For a stint in my teens, I baby sat three young boys with my sister. My sister had far more experience than I when it came to babysitting. The boys were all under the age of 8 and recently got a puppy. One weekend, my sister wasn’t able to watch the boys so the parents opted to give me a shot at solo duty. The boys were very well behaved…when my sister and I were there. But when it was just me the dynamic changed. The numbers were against me. Mutiny was inevitable. In addition to the puppy, the boys added a hamster to their burgeoning petting zoo.
Wrangling three young boys isn’t easy, especially when fights erupt over allegations of cheating at Super Smash Brothers. One of the boys “hit” the other. Tears began to form. Whether or not they were mine or the boys you’ll never know.
I managed to keep them entertained and out of the ER for the evening. When it was bed time, the two older boys put on their pajamas without incident, but the little guy proved to be more of a challenge. His jammies were of the Superman variety and included a cape. Beyond my pajama envy, there was a problem. He didn’t want to brush his teeth. Rather than be the cool babysitter who didn’t care whether or not he brushed, I feared my future as a babysitter rode on his dental hygiene. His parents would ask him during breakfast if he brushed his teeth and if he answered negatively, my future at getting tenure as a babysitter was gone like Superman out of a phone booth.
Opting to be the stern, but reasonable, babysitter I tried to play Let’s Make a Deal with a three-year old. If he brushed his teeth, I would put on his cape. I explained that Superman brushes his teeth twice a day. Logical, right? Cause and effect. But three-year olds don’t care about logic. They want their cape and they want it now.
Last night’s presidential debate reminded me of the impossible task of wrangling an irrational toddler. Try your best, they will beat you. That was the task Lester Holt signed up for when moderating the debate.
The initial online comments about the debate centered on how Lester Holt was a weak moderator. When the cameras displayed Lester for the first time, I felt bad for him. In any other election year, moderating a presidential debate would be an enormous get, but this political season it is more of a punishment, the Melba of broadcasting.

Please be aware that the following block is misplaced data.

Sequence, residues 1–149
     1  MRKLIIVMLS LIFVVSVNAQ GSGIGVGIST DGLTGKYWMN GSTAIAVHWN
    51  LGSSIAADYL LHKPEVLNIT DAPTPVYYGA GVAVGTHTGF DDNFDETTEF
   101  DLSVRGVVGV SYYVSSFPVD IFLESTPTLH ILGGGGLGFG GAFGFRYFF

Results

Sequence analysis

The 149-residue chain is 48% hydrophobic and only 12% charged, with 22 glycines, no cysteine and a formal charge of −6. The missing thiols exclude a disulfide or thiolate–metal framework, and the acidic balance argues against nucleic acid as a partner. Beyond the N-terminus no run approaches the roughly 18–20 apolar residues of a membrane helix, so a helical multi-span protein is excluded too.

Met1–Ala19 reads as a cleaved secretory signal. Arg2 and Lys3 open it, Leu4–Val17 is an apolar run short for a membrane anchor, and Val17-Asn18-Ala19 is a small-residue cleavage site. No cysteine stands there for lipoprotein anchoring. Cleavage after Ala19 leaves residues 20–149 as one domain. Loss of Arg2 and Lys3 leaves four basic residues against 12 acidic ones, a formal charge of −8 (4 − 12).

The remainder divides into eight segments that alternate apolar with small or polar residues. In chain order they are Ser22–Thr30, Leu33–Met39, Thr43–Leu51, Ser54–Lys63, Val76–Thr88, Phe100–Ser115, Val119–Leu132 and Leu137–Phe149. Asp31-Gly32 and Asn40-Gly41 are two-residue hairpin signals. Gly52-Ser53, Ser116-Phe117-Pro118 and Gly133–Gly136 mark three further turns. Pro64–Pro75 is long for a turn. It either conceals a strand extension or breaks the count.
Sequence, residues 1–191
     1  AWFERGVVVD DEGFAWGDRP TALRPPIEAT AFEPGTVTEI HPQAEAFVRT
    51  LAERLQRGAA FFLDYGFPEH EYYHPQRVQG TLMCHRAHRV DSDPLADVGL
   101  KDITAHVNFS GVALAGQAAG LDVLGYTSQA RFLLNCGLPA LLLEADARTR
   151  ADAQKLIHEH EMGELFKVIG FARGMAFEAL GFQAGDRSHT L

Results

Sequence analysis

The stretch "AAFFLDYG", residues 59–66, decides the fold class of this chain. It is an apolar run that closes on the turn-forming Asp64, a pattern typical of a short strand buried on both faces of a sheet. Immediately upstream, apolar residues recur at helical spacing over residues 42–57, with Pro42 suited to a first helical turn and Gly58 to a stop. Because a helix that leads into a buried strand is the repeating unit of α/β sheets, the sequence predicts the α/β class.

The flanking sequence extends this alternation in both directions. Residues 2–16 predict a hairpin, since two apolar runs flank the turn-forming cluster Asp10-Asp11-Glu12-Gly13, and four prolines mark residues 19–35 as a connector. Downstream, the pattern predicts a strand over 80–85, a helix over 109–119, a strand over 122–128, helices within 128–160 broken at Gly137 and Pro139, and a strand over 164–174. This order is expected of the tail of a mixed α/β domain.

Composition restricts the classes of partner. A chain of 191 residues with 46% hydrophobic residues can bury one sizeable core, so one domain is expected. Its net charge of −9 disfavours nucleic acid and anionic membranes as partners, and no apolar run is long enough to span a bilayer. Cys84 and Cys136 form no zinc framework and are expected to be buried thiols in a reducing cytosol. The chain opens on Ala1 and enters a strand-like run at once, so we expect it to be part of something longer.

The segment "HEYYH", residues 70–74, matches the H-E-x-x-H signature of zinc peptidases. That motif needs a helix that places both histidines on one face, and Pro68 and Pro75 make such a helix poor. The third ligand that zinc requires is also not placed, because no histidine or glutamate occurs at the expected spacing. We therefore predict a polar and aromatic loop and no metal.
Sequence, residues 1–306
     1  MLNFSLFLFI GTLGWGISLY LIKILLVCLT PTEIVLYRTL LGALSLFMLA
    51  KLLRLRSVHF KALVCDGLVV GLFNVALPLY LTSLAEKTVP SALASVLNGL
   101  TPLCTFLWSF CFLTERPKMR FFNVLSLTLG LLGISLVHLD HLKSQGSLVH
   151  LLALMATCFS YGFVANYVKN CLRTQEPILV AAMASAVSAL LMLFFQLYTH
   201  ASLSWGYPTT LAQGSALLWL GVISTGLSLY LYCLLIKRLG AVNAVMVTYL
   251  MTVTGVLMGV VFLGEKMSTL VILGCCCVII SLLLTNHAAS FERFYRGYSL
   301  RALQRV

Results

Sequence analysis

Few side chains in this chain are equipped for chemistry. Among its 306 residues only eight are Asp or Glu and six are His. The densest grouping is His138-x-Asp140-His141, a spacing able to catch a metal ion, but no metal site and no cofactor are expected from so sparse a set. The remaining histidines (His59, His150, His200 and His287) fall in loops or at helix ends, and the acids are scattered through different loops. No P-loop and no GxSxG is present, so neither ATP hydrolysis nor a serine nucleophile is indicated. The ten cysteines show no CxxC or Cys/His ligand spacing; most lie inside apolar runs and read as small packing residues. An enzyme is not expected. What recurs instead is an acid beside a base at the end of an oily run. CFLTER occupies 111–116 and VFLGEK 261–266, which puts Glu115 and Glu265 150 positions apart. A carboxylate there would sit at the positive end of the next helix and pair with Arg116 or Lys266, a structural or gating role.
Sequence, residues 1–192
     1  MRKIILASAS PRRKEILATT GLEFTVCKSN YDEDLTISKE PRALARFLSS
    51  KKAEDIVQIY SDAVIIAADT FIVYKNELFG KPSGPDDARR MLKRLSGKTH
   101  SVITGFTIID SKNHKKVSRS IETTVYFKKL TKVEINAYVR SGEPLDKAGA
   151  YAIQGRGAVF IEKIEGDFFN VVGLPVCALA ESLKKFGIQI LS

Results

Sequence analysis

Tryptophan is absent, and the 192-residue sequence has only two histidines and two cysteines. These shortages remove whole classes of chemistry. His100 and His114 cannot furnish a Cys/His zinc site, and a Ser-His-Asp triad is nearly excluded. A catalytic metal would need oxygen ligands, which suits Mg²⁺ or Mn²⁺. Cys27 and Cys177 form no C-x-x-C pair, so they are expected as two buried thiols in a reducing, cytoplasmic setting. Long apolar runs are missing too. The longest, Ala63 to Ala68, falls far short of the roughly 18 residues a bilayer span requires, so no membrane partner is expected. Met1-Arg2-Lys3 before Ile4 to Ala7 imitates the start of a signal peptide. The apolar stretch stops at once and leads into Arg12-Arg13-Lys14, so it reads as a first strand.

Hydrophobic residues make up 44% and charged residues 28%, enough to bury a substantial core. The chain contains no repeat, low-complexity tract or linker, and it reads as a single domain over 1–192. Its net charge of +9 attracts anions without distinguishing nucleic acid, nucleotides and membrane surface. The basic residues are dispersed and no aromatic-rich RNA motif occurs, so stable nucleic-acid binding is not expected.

Preparation was brought up by the candidates. In a normal year with normal candidates, the moderator could focus on policy differences and clarifying statements from previous interviews. But not this year. You might as well burn any notes you had. How does Lester prepare for the whirling dervish that is Donald Trump?
For the future broadcasters penalized with the task, the only way to prep for a debate with Trump is to gather a gaggle of toddlers, load them up with fructose, plug their ears and ask them basic questions. They won’t form a single cogent argument. Instead you will get half ideas, and if you’re truly lucky, some finger pointing and yelling.
Lester did as good a job as possible. He could have attempted to minimize Trump’s interjections and meandering tirades. But by allowing Trump to be Trump, Lester did his job. We learned more about Trump’s true temperament. As Lester mentioned at the start, the goal of the debate was to showcase the candidates, not Lester’s ability to play referee or game show host.
Trump’s greatest sign of maturity came toward the end of the “debate” when he declared that he could have said “something extremely rough” to Hillary, but I didn’t. TV therapists call this personal restraint and growth.
After I attached the little guy’s cape, he brushed his teeth. I read the boys a few stories before turning out the light. On my way downstairs I discovered their hamster shit in another room. Like the outcome of this election, I hope someone doesn’t have to clean up the mess later.